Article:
This book is licensed under a Creative Commons by-nc-sa 3.0 license. See the license for more details, but that basically means you can share this book as long as you credit the author (but see below), don't make money from it, and do make it available to everyone else under the same terms.
This content was accessible as of December 29, 2012, and it was downloaded then by Andy Schmitz in an effort to preserve the availability of this book.
Normally, the author and publisher would be credited here. However, the publisher has asked for the customary Creative Commons attribution to the original publisher, authors, title, and book URI to be removed. Additionally, per the publisher's request, their name has been removed in some passages. More information is available on this project's attribution page.
For more information on the source of this book, or why it is available for free, please see the project's home page. You can browse or download additional books there. To download a .zip file containing this book to use offline, simply click here.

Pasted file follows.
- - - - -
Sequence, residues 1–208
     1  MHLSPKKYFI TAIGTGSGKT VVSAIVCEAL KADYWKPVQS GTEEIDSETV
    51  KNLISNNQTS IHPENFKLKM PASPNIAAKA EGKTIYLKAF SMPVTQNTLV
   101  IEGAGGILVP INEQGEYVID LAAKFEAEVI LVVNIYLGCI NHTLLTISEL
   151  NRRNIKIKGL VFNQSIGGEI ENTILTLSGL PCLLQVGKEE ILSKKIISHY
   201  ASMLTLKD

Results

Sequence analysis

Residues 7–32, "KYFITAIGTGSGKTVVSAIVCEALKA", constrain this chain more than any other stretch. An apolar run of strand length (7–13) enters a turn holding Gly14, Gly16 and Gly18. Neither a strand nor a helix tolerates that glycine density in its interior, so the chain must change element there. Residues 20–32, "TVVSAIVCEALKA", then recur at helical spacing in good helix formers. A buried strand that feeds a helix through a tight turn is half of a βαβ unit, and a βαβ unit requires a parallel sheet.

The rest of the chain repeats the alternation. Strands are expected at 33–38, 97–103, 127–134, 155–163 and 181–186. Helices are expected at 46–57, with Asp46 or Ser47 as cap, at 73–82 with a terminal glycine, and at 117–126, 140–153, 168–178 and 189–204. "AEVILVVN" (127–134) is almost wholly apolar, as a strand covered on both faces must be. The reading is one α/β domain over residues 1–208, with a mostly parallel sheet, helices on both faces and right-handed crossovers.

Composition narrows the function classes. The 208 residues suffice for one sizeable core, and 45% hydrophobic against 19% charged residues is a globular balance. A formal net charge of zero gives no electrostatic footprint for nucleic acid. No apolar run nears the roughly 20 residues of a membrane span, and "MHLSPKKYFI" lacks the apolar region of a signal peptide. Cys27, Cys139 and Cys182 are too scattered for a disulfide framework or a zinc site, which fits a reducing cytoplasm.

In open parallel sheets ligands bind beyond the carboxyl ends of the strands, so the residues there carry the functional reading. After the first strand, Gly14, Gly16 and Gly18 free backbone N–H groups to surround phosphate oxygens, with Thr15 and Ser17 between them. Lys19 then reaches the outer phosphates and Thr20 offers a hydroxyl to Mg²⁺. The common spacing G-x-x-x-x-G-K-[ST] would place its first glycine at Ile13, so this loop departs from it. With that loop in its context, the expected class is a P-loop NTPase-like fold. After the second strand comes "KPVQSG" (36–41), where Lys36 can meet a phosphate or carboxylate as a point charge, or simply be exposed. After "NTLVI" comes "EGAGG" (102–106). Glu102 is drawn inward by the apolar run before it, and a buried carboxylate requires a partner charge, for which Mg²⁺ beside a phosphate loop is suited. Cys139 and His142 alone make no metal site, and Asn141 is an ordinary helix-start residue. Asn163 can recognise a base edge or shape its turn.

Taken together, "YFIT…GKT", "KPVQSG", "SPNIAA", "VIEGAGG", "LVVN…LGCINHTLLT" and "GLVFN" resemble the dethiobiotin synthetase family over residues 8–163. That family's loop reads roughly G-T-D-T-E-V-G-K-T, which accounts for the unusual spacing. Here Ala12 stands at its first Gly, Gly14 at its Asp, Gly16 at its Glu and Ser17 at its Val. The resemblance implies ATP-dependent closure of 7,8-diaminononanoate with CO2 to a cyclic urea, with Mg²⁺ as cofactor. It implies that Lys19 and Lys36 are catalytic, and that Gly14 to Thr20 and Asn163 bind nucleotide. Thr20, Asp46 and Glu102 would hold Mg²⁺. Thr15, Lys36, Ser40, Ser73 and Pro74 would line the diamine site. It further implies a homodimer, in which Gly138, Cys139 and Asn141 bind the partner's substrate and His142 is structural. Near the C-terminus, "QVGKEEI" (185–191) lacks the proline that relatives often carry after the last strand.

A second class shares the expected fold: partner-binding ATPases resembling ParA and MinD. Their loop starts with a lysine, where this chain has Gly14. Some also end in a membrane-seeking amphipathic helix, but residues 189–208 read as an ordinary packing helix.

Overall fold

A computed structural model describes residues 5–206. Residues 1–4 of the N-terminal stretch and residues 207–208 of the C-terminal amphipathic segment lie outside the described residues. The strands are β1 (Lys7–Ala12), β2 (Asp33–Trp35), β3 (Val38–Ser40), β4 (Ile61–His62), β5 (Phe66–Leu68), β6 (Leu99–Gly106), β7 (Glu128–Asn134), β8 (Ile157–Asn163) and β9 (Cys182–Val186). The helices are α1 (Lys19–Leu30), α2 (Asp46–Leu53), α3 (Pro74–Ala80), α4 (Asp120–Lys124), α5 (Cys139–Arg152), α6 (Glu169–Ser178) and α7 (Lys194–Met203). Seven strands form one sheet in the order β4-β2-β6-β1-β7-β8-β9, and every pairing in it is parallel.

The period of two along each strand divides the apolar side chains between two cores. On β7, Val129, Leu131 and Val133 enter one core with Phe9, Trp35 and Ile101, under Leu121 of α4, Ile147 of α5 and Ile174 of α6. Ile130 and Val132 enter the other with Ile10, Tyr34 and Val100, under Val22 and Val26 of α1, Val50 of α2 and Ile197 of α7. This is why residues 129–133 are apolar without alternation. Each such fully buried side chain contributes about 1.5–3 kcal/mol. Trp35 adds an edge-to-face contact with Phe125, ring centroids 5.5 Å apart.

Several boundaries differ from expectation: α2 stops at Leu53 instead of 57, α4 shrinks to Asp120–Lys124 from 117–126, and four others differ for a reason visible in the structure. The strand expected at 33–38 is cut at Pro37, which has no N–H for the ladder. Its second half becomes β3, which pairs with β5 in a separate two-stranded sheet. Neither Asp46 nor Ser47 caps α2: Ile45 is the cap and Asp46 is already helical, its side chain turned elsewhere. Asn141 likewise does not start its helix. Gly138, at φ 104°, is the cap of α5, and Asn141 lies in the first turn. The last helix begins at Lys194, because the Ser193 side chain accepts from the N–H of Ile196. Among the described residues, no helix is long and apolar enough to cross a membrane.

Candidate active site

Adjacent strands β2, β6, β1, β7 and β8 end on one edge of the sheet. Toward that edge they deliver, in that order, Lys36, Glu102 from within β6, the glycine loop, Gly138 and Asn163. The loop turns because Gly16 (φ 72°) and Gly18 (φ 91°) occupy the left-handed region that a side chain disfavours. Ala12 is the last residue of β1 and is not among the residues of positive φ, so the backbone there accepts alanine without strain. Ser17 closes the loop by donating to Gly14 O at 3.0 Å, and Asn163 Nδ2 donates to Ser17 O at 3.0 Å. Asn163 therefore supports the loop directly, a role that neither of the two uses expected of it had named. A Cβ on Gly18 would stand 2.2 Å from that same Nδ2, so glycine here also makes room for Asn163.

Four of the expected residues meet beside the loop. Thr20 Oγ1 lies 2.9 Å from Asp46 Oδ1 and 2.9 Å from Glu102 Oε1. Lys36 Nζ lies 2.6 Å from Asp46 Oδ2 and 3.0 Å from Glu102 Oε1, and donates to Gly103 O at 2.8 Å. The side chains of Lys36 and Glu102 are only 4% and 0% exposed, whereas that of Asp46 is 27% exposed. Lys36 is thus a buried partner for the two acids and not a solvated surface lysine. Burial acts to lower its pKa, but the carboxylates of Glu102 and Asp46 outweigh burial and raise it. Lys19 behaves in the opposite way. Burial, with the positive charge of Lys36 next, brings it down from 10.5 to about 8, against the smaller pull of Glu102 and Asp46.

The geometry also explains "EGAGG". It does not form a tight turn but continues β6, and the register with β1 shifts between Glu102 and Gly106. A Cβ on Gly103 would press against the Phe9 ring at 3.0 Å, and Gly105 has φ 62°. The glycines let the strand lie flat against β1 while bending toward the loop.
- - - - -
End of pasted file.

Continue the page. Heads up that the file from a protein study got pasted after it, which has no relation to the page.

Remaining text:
Between partnerships and corporations lie a variety of hybrid business forms: limited partnerships, sub-S corporations, limited liability companies, limited liability partnerships, and limited liability limited partnerships. These business forms were invented to achieve, as much as possible, the corporate benefits of limited liability, centralized control, and easy transfer of ownership interest with the tax treatment of a partnership.
Limited partnerships were recognized in the early twentieth century and today are governed mostly by the Uniform Limited Partnership Act (ULPA-1985 or ULPA-2001). These entities, not subject to double taxation, are composed of one or more general partners and one or more limited partners. The general partner controls the firm and is liable like a partner in a general partnership (except under ULPA-2001 liability is limited); the limited partners are investors and have little say in the daily operations of the firm. If they get too involved, they lose their status as limited partners (except this is not so under ULPA-2001). The general partner, though, can be a corporation, which finesses the liability problem. A limited partnership comes into existence only when a certificate of limited partnership is filed with the state.